Interior minister lays ‘State of Alert’ on the line
Interior minister Eduardo Cabrita has finally laid out what exactly a State of Alert means to our everyday lives.
Essentially, it means we have to comply with everything we are told by the authorities, at risk of incurring ‘a crime of disobedience’.
Media outlets have a “special obligation to collaborate” with the authorities in order to publicise “information relevant to the situation”
As various reports have explained today, a State of Alert differs from a State of Emergency in that it allows the government to keep frontiers open.
It is a measure that falls under Civil Protection legislation giving the government “a series of widened powers to confront a grave accident or catastrophe”.
All these powers are brought in the moment a State of Alert is declared.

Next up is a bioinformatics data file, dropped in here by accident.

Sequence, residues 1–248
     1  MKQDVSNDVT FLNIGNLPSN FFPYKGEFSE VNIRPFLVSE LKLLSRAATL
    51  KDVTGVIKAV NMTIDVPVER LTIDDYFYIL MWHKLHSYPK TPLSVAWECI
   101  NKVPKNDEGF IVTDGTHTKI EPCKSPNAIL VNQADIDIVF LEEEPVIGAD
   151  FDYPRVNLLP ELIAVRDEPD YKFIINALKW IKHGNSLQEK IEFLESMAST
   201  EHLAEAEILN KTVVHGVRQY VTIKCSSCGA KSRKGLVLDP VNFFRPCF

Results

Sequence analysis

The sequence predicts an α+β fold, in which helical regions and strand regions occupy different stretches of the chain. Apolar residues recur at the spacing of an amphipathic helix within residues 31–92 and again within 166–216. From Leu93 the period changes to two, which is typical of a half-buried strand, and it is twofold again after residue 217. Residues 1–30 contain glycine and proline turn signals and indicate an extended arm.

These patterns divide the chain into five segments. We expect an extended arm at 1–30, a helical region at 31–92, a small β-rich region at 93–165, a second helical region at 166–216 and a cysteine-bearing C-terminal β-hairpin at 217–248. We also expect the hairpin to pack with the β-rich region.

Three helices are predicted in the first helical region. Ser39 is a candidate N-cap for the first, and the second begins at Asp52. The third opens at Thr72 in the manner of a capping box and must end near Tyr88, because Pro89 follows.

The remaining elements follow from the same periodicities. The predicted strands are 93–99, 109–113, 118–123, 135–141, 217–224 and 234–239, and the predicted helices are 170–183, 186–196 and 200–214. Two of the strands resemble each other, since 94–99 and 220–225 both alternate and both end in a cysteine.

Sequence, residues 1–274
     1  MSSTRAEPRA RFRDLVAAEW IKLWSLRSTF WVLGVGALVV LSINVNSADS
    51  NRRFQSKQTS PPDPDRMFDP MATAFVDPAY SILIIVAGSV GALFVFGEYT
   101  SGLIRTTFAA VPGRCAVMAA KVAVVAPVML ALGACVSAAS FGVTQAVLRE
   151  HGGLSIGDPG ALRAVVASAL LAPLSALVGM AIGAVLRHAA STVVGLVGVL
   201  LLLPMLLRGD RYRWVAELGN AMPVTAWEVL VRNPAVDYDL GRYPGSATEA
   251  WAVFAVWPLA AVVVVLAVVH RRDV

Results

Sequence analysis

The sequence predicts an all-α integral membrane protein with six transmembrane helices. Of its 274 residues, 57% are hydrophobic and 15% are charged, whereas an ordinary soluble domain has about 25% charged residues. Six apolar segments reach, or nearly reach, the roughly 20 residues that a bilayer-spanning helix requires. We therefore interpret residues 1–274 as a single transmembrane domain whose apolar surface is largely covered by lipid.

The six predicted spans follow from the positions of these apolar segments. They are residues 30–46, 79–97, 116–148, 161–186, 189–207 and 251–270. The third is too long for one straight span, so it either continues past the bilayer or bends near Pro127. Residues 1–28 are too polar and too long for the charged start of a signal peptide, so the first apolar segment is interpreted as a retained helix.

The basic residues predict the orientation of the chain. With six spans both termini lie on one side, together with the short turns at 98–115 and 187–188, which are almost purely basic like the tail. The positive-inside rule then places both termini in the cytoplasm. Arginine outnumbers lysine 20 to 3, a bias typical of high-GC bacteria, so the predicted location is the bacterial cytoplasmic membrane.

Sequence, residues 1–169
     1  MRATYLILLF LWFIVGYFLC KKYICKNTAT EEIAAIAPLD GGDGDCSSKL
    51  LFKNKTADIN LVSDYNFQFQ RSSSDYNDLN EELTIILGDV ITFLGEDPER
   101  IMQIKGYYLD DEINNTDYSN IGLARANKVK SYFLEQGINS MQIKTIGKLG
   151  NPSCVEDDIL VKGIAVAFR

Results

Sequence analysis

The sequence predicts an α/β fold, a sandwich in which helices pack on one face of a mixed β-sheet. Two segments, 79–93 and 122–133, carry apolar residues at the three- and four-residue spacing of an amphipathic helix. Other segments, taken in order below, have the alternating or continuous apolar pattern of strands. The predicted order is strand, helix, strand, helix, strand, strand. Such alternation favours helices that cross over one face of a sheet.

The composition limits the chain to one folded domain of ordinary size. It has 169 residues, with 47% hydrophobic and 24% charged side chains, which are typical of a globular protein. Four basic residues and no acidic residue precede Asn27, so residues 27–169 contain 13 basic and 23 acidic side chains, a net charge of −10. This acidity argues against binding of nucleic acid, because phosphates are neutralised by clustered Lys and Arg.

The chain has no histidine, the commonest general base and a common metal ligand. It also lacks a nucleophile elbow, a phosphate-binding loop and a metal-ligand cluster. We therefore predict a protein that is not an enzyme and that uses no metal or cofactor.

This means “all citizens and sundry private entities are obliged, in the area concerned (mainland Portugal), to comply with what is required by civil protection authorities in terms of orders, directions and respective solicitations”.
As Diário de Notícias explains, “this covers the entire Portuguese population”.
Adds the paper, the law that declares a State of Alert has to mention “the nature of the event that has originated in the situation”, “the temporal and territorial scope” and preventive measures that have to be adopted.
Cabrita stressed this afternoon saying that “during a State of Alert it is up to security forces to ensure compliance, to ensure in strict coordination with public health authorities that measures restricting circulation are rigorously respected and that measures restricting activities are also adequately fulfilled”.
These stipulations “emphasise the duty that falls on citizens”, he added.
For now, the time period for this new situation extends to April 9, at which point the crisis will be re-evaluated and “may be extended”, writes DN.